Enlarge my musician into the employing class of owners and managers and shareholders of factory and mine and railroad, and myself into the class of wage-earners in all these enterprises, and you have the picture of the industrial system which the I. W. W. agitator has in his mind when he writes the Mesaba pamphlet to which my friend took such exception. With my five cents making that huge differential of profit for my employer, and with my four and a half cents giving his enterprise a productiveness which, if he had incorporated himself, he could have turned into additional capitalization, I was a crude symbol of the industrial system as my mind gradually took in the fact that there was an industrial system. This was my first experience in "exploitation." If there had been fewer musicians available I should have gotten more pay, and if there had been more available I should probably have gotten even less. But there would always have been a surplus, and I should have always felt the power of my employer to skim it, to pull it towards himself. As long as I continued at work, nothing could have removed my sense of helplessness. Any struggle I might have made would have been only towards weakening his pull, and lessening the amount he was able to skim. He was not robbing me, and no person of sense would have said he was, but our very relation was an exploitation. There was no medium way between exploitation and philanthropy.

My stove-factory friend, however, will have none of this theory. If it is a question of power, he says, then Mike Solomon exploits the stove company when he is able to get three dollars a day, on account of the present demand for labor, when two dollars was wealth to him a year ago. Then I admit that local groups of workers are able--either through lack of competition or clever politics or display of force--to exercise temporarily a decisive pull on the surplus and divert more of it to themselves. It is all a question of power. But as long, I tell him, as the employer is entrenched in property rights with the armed state behind him, the power will be his, and the class that does the diverting will not be labor. My friend, however, does not like these Nietzschean terms. He is sure that his workmen have just as much power to exploit him as he has of exploiting them. This is where we differ, and this is why thought will buzz in an angry murky haze over eight-hour bills and individual contracts and collective bargaining as long as millions agree with him. He trusts rights, I trust power. He recognizes only individuals, I recognize classes.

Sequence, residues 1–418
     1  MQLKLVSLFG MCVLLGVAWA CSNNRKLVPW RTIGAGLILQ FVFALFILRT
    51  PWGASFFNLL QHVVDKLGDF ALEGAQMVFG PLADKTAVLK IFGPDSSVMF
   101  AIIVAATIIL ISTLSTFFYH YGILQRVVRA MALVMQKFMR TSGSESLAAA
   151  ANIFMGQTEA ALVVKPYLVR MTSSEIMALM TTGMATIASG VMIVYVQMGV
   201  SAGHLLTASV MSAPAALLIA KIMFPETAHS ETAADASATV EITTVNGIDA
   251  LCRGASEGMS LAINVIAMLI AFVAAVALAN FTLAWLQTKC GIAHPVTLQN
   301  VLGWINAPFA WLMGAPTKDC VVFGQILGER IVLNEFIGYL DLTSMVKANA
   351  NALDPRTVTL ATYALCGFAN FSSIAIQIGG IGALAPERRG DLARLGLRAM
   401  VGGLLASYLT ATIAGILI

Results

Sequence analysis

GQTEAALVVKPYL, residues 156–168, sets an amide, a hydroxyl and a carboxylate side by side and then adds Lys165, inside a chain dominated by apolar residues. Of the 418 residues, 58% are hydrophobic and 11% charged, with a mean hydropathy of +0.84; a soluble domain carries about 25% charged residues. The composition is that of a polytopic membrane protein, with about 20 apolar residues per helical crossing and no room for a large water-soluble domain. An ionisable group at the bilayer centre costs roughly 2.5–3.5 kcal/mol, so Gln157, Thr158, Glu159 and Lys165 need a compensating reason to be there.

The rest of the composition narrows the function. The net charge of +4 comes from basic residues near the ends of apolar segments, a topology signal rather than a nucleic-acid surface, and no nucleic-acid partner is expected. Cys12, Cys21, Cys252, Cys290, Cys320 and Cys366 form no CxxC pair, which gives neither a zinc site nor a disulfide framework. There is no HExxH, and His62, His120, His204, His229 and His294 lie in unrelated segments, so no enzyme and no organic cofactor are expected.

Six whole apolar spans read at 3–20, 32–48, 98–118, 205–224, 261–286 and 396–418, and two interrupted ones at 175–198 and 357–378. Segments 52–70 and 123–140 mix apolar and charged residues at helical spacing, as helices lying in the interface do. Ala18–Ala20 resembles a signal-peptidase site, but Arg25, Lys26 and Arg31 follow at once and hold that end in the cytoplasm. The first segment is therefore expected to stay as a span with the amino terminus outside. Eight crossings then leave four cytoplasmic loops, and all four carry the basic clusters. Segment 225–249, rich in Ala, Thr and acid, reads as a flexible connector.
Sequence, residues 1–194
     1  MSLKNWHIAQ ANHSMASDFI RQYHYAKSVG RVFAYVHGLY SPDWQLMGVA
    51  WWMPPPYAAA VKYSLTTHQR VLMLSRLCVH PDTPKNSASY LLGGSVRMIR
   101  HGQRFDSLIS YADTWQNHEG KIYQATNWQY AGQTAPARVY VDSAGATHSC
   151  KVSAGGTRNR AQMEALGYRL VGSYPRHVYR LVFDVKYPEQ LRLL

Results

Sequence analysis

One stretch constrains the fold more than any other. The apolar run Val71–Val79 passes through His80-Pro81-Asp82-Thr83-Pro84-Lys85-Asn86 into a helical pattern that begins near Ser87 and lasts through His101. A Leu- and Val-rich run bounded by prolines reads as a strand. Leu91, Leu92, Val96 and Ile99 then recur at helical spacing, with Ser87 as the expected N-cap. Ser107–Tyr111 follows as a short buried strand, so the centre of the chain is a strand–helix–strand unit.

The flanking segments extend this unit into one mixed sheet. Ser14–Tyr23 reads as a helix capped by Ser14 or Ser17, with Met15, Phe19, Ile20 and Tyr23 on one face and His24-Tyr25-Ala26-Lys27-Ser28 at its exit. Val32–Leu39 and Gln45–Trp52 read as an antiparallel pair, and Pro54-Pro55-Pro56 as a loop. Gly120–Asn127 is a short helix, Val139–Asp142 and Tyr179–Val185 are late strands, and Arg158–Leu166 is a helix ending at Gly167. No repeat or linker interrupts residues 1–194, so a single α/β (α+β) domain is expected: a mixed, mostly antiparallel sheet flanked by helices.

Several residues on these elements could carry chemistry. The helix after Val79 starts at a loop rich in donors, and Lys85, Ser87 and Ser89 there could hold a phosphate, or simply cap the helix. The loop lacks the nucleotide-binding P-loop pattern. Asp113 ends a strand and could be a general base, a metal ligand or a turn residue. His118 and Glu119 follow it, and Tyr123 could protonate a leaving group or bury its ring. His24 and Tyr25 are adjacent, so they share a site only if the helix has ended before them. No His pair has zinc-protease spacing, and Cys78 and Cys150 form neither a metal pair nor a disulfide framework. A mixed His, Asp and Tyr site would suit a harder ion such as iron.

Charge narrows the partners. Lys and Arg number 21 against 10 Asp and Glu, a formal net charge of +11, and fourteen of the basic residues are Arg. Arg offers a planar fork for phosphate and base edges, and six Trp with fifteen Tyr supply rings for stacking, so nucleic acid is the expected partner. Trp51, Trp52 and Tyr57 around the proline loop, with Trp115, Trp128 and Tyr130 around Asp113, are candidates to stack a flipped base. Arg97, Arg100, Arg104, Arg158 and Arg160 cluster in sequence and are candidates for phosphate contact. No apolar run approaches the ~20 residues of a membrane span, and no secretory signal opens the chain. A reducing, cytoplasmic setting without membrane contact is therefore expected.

That is why I can never make him understand what I mean by "exploitation." He thinks of it as something personally brutal. He does not see it inherent in a system, for which no one is "specifically to blame" only because all are equally guilty of short vision and flimsy analysis. And yet as I read his letters and clippings, I wonder if he is not the realist and I the mystic. He punctures my phrases of power and class with a coarse satisfied hunky to whom work and disease and riot are all in the day's work and who would despise the philosophy which I am so anxiously waving at him. It seems a long way from my dainty music-bench to the iron range, or the stove-factory. One has to feel exploitation perhaps before one understands it. I console myself with the thought that power is itself mystic, and that my friend will have to get hit with some invisible threat of class-force, as some of his frightened friends are now getting hit, before he will analyze any deeper that industrial system of which he is so efficient and loyal an officer.



[*] A strike of iron workers that was taking place when Bourne wrote this article (1916) and that was led by the IWW (International Workers of the World)